Stephen King’s book, “It,” is about a blood covenant, as I noted in the antecedent article.
Digging deeper, we find the covenant is fueled by profound foreboding coupled with an inescapable sense of love.
From cover to cover, the Bible introduces us to all kinds of people, and there is often a sense of impending doom; the people are often afraid.
From Genesis to Revelation, God says repeatedly, “Be not afraid.” God knows we are a fearful people – and fear is paralyzing.
Fear makes us shut our doors, close our curtains and hide in our closets, hoping the bad things out there will not find us.
Fear makes us want to blend in, to not make waves or rock the boat. Fear screams at us that life is risky and dangerous and that somebody will very likely get hurt. Fear intimidates us from becoming too involved with the world.
Whenever God sends the message, “Be not afraid,” my first response is usually, “But God, have you seen what’s out there?”
We should be afraid; we should be very afraid! There have been many days I have been scared of so many things that the best I could do was to just show up.
But maybe showing up is enough; maybe that is more than half the battle.
In “It,” seven bullied and scarred teenagers known as The Losers Club fight off an ancient and savage evil.
They make a blood covenant with one another to return to fight the evil together again if it ever returns to their town.
Twenty-seven years later, six of the seven old friends are scattered around the country and beyond. They have lost touch with one another.
One of them, Mike Hanlon, whose family was the only African-American family in town, never leaves the fictional town of Derry, Maine.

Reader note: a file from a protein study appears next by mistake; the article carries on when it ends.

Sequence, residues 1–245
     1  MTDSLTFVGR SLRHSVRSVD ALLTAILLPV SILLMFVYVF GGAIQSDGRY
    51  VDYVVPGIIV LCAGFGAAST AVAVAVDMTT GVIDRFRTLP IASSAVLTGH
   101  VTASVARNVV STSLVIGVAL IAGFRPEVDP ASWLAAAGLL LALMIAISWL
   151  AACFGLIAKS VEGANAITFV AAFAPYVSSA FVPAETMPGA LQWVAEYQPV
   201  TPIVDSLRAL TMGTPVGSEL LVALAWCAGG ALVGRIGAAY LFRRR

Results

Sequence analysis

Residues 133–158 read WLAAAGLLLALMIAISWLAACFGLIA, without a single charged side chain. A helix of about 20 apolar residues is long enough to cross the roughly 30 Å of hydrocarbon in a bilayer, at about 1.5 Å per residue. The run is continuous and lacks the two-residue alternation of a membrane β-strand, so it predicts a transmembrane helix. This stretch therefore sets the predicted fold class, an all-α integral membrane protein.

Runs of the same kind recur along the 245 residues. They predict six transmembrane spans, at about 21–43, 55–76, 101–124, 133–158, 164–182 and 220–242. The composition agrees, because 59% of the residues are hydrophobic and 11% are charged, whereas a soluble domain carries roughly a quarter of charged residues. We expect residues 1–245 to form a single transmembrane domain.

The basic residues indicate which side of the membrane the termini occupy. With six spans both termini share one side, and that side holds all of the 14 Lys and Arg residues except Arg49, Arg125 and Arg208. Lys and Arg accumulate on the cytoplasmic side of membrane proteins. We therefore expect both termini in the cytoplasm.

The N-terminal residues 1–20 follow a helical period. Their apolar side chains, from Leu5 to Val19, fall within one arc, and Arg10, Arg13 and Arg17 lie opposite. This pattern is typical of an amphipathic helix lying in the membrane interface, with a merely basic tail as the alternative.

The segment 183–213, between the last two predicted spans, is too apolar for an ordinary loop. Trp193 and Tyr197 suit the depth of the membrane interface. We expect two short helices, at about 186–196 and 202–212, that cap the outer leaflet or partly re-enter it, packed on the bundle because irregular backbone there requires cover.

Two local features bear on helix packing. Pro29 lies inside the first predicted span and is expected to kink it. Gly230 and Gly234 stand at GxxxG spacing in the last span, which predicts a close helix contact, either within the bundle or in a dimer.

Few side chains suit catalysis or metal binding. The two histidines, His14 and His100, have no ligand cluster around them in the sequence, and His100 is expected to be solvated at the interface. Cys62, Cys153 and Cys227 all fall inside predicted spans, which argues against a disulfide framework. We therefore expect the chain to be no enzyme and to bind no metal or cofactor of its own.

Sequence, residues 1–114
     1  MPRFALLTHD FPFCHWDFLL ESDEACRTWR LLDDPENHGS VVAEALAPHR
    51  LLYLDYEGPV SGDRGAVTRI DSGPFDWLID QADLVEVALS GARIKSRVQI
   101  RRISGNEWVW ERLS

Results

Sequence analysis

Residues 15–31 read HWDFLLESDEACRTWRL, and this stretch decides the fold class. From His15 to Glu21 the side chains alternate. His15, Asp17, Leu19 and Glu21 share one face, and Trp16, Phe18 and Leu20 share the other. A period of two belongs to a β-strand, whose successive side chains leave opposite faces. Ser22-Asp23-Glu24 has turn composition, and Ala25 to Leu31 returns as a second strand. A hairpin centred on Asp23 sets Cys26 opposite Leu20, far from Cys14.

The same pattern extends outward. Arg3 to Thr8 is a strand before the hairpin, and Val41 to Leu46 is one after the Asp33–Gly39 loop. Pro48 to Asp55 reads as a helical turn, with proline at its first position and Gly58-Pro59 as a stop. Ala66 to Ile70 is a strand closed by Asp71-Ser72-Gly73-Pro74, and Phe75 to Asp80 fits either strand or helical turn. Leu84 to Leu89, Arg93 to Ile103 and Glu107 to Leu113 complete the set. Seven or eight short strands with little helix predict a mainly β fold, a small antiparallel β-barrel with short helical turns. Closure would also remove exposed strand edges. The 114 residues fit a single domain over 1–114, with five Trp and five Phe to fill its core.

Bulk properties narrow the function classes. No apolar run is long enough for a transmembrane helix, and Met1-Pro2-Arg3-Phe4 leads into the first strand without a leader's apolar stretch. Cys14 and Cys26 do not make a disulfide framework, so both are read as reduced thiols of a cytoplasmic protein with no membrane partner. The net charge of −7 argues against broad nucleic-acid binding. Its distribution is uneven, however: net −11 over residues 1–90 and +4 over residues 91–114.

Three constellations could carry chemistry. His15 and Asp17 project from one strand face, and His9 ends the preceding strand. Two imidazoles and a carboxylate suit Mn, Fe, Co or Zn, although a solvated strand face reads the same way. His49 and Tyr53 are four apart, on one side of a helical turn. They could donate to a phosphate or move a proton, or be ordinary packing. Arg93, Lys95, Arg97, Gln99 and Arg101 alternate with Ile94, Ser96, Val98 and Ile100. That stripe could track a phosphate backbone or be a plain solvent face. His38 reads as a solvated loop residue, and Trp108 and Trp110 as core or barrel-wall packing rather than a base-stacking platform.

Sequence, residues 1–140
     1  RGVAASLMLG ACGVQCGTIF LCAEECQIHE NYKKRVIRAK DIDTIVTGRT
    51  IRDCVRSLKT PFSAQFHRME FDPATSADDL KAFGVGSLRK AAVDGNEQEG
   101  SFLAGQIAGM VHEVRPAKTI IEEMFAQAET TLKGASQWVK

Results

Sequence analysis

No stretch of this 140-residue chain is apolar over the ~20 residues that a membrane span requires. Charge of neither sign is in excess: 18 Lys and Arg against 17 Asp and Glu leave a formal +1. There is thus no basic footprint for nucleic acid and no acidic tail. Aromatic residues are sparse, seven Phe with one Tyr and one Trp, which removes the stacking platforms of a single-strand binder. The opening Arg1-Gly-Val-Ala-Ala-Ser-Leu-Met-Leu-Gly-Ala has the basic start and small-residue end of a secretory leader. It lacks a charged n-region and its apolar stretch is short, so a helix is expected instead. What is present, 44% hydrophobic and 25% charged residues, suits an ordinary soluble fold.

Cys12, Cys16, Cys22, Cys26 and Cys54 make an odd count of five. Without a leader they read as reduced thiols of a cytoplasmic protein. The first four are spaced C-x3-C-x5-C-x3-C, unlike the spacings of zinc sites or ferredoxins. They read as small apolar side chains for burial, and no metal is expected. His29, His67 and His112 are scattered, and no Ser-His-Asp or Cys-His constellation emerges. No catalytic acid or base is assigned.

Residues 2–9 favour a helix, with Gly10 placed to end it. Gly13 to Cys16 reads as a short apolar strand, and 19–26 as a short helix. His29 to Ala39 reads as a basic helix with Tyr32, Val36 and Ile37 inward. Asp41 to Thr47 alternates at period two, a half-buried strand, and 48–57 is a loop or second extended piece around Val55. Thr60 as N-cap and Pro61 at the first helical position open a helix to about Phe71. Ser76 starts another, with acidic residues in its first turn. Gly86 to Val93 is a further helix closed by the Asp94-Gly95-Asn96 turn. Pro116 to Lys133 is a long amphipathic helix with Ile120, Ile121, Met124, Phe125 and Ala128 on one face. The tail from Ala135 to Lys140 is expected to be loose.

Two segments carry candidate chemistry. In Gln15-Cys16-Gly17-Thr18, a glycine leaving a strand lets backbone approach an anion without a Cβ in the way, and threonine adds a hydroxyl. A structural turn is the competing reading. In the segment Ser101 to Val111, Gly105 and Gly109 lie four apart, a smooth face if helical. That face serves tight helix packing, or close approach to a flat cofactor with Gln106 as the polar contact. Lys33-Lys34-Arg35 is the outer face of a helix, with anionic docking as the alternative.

Adult Mike pays close attention to new events unfolding around him, concludes (rightly so) that the evil has awakened again and tracks down the rest of The Losers Club.
One of them cannot find it within himself to return to face the monster a second time. But for the others, just showing up is enough; showing up is half the battle.
A pastor friend of mine, Mike Smith, once preached that fear causes us to live as if there is no God in whom we can trust.
Mike says we can choose, even with every reason to be afraid, to live as if we can really trust God. “Live as if there is a God,” Mike says.
In a 2014 interview with Rolling Stone magazine, none other than Stephen King himself says we all need a source of strength. King states that for him that means he chooses to believe God exists.
Live as if there is a God in whom we can trust. Choose to believe God exists. Mike Smith and Stephen King. Two of my favorite theologians.
Choosing to believe and live as if God is with us moves us from fear to love. The Bible reminds us that perfect love drives out fear. Love is of God, and God is love (read the whole beautiful and empowering passage in 1 John 4).
In Chapter 14 of “It,” King composes a beautiful and empowering scene: the five other Losers Club adults reunite back in Derry, Maine, with their old friend, Mike Hanlon. King takes the reader into Mike Hanlon’s mind, into his soul.
As the old friends are laughing, crying and “catching up” with one another, Mike realizes they all still love one another.
“Things have changed over the last twenty-seven years, but that, miraculously, hasn’t,” King writes. “It is, Mike thinks, our only real hope.”
Love is their only hope.
I do not want to give too much away, but in Stephen King’s novel, like in our Holy Scriptures, beautiful and terrible things happen; and, in the end, love really does win.
In this world with so much death and destruction and violence and hate, love really is our only hope.
Editor’s note: This is the second of a two-part series. Part one is available here.
Author’s note: The second chapter of the movie adaptation is presently in theaters. Remember, “It” may not be appropriate for everyone: “It” contains gruesome violence, sex and disturbingly “un-Christian” things (not unlike our Holy Bible). Yet, through it all, there also emerges good news.
Bert Montgomery pastors University Baptist Church in Starkville, Mississippi, is the author of five books, including “A Rabbi & a Preacher Go to a Pride Parade,” and teaches religion and sociology courses at Mississippi State University.